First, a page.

Ask Uncle Colin: Some Ugly Trigonometry

Dear Uncle Colin,

How do I verify the identity $\frac{\cos(\theta)}{1 - \sin(\theta)} \equiv \tan(\theta) + \sec(\theta)$ for $\cos(\theta) \ne 0$?

- Struggles Expressing Cosines As Nice Tangents

Hi, SECANT, and thanks for your message!

The key questions for just about any trigonometry proof are "what's ugly?" and "how can I clean it up?".

What's ugly?

To me, the obvious ugly thing is the $1 - \sin(\theta)$ on the bottom of the fraction. In an equation, we'd doubtless multiply both sides through by that and see what dropped out, but this is a proposed identity and doing that would involve assuming our answer.

So what can we do instead? I can see two possibilities. One is to use a sort of conjugate trick; the other is to do something like multiplying both sides but without actually doing that.

Nearly multiplying

Instead of multiplying both sides by $1-\sin(\theta)$, we can multiply the right-hand side by $\frac{1-\sin(\theta)}{1-\sin(\theta)}$ (so long as $\sin(\theta) \ne 1$ - and we know that's the case, because when $\sin(\theta)=1$, then $\cos(\theta)=0$).

I'd also turn $\tan(\theta)$ and $\sec(\theta)$ into more explicit forms in terms of $\sin(\theta)$ and $\cos(\theta)$, making the right hand side $\br{ \frac{\sin(\theta)}{\cos(\theta)} + \frac{1}{\cos(\theta)} } \frac{1 - \sin(\theta)}{1 - \sin(\theta)}$.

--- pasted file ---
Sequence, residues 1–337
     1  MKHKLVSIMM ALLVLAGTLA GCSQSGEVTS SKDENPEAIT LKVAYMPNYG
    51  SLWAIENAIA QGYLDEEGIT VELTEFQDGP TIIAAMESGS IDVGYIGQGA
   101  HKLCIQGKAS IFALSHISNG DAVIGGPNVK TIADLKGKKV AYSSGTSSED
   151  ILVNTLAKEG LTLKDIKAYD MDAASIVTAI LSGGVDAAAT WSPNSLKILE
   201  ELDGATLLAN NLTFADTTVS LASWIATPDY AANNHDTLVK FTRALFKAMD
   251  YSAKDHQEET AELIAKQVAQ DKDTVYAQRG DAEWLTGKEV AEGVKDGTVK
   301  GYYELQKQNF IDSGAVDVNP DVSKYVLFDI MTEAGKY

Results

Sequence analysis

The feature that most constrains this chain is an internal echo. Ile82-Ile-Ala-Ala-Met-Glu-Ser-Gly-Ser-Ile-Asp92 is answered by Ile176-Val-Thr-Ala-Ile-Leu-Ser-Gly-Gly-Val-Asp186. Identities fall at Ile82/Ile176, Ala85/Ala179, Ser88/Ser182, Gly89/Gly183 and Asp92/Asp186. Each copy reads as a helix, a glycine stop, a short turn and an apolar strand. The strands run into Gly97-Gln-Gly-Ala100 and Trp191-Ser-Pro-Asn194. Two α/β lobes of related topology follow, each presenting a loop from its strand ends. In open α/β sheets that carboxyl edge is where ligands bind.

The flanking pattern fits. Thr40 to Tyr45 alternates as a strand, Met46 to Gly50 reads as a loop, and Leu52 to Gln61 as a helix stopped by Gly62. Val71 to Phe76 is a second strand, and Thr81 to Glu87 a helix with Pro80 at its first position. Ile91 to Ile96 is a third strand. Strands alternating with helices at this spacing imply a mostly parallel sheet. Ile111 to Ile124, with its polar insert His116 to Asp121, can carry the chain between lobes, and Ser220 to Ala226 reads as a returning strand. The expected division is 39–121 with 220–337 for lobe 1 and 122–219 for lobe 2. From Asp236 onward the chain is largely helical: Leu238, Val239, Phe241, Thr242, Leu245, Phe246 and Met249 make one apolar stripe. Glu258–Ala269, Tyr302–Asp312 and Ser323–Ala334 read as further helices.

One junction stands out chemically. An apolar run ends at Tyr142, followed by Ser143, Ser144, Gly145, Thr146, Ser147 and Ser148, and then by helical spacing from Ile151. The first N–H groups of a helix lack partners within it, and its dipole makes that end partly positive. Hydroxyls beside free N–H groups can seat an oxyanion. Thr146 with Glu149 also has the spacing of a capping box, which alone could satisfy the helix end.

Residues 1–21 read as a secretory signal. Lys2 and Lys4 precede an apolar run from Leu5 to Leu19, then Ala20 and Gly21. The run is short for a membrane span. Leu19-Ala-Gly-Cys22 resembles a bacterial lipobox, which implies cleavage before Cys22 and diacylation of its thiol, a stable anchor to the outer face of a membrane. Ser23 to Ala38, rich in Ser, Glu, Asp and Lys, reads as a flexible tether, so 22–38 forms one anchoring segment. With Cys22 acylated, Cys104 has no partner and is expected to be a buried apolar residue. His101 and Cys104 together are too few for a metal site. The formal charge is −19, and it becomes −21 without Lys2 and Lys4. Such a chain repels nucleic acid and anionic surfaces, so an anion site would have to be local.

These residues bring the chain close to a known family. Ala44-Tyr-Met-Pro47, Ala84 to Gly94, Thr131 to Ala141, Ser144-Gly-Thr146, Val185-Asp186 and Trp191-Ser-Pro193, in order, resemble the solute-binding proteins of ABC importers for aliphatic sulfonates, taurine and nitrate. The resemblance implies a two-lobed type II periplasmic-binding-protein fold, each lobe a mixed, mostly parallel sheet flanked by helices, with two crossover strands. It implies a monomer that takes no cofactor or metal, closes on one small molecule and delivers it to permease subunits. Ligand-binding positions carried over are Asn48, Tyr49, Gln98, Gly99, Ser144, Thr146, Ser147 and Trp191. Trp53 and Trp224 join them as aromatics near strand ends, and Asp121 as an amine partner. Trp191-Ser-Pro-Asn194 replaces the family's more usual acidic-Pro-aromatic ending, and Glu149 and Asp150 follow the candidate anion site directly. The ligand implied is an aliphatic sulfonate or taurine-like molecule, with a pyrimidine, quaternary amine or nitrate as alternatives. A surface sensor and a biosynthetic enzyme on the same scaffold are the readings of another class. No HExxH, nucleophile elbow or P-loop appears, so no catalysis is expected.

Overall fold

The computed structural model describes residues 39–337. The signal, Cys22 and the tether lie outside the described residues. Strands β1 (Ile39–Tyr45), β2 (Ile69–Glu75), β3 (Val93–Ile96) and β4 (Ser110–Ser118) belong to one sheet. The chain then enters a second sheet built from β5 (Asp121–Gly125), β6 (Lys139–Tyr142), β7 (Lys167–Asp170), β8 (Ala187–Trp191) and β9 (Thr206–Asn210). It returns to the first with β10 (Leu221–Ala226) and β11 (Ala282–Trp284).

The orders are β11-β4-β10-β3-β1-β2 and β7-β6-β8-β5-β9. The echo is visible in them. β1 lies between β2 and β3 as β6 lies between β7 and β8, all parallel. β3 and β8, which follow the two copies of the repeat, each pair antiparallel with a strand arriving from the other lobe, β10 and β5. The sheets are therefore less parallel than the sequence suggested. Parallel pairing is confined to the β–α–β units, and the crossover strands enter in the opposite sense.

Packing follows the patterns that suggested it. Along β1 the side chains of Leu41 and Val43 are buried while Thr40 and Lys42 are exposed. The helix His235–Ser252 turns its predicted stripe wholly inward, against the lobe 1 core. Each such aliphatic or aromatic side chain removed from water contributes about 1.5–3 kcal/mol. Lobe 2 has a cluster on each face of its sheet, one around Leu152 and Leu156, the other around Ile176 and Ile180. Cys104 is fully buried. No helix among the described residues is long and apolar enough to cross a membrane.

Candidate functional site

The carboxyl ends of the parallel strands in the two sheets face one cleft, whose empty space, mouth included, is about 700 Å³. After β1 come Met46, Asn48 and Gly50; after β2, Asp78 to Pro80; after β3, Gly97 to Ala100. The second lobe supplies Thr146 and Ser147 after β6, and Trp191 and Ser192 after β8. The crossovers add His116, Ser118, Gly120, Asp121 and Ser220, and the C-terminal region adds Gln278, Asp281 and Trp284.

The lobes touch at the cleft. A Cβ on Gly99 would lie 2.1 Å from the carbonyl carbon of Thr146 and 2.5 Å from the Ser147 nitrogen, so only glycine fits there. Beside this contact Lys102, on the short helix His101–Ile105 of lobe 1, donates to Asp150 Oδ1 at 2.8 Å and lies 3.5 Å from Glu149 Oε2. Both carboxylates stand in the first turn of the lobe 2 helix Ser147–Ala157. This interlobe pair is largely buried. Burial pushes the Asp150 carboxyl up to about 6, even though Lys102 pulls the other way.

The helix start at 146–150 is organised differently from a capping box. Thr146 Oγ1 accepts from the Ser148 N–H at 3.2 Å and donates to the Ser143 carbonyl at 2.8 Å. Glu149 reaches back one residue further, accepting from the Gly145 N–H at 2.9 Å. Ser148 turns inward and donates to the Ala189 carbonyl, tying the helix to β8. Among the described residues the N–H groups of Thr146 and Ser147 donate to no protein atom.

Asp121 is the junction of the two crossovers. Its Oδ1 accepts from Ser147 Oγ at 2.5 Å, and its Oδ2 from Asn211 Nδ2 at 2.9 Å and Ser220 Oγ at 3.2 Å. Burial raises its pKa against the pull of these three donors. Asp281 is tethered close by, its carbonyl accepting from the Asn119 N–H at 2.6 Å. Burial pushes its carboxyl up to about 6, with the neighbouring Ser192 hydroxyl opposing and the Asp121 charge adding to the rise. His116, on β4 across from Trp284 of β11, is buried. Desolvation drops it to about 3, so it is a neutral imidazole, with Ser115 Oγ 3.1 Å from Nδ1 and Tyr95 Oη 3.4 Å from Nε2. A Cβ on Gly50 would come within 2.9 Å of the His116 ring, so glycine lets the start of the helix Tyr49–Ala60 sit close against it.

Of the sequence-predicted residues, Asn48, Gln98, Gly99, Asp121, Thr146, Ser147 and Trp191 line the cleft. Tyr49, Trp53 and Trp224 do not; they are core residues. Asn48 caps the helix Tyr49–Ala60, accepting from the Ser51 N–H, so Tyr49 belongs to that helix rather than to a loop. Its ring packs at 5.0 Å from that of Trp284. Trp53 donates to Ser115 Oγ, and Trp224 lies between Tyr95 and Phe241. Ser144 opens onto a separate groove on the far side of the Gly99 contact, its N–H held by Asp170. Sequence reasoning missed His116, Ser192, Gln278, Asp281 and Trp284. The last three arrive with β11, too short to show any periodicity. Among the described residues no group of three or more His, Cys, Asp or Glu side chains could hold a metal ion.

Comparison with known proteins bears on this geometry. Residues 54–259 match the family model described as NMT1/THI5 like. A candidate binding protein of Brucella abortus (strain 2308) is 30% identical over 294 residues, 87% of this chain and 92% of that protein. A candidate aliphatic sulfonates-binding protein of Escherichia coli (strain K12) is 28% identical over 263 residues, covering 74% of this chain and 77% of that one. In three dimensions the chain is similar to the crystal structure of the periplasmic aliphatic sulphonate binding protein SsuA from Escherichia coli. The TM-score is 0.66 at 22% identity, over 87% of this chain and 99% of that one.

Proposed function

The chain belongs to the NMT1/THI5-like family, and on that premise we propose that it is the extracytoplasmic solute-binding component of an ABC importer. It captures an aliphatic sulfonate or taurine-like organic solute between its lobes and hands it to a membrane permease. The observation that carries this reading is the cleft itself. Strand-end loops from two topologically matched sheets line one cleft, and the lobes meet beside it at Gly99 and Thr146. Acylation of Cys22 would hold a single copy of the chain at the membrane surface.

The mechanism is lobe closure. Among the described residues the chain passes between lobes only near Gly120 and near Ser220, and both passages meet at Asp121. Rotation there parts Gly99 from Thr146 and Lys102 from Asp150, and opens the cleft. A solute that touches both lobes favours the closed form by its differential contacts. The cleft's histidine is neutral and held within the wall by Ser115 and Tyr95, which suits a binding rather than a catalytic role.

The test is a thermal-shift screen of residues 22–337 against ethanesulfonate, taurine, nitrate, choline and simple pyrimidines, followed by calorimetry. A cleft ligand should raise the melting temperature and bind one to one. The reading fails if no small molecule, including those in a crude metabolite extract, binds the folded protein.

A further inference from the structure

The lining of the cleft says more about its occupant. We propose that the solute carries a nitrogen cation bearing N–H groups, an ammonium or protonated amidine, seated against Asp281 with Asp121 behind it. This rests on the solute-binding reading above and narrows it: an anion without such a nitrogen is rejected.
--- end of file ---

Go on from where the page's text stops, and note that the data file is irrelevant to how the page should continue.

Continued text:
That first bracket can be tidied up to make $\frac{\sin(\theta)+1}{\cos(\theta)}$, so we're left with $\frac{ \br{\sin(\theta) + 1}\br{1 - \sin(\theta)}}{\cos(\theta)\br{1-\sin(\theta)}}$.

Multiplying out the top gives $1 - \sin^2(\theta)$, which is $\cos^2(\theta)$; our right hand side is now $\frac{\cos^2(\theta)}{\cos(\theta)\br{1 - \sin(\theta)}}$. Dividing top and bottom by $\cos(\theta)$ gives the left-hand side we were after! $\blacksquare$

The conjugate trick

The conjugate trick has a similar flavour to it, but works on the left-hand side. You use this kind of trick when rationalising a denominator -- if the bottom of a fraction is something like $\sqrt{2} + 1$, you multiply top and bottom by $\sqrt{2} -1$, noticing that the result will be the difference of two squares and the square root will magically move to the top.

Here, you have $1 - \sin(\theta)$ on the bottom; multiplying top and bottom by $1 + \sin(\theta)$ will make that nicer. Let's do it:

We get $\frac{\cos(\theta)\br{1+\sin(\theta)}}{\br{1 - \sin(\theta)}\br{1+\sin(\theta)}}$, which is $\frac{\cos(\theta)\br{1+\sin(\theta)}}{1 - \sin^2(\theta)}$. The bottom is identical to $\cos^2(\theta)$; dividing top and bottom by $\cos(\theta)$ leaves us with $\frac{1 + \sin(\theta)}{\cos(\theta)} = \frac{1}{\cos(\theta)} + \frac{\sin(\theta)}{\cos(\theta)}$, or $\sec(\theta) + \tan(\theta)$ as required $\blacksquare$

As you can see, the two methods have a very similar flavour. One requires almost doing something you'd like to do but aren't allowed to; the other requires spotting a trick. Both are valid, and both are useful things to have in your toolbox!

Hope that helps,

- Uncle Colin


Colin is a Weymouth maths tutor, author of several Maths For Dummies books and A-level maths guides. He started Flying Colours Maths in 2008. He lives with an espresso pot and nothing to prove.


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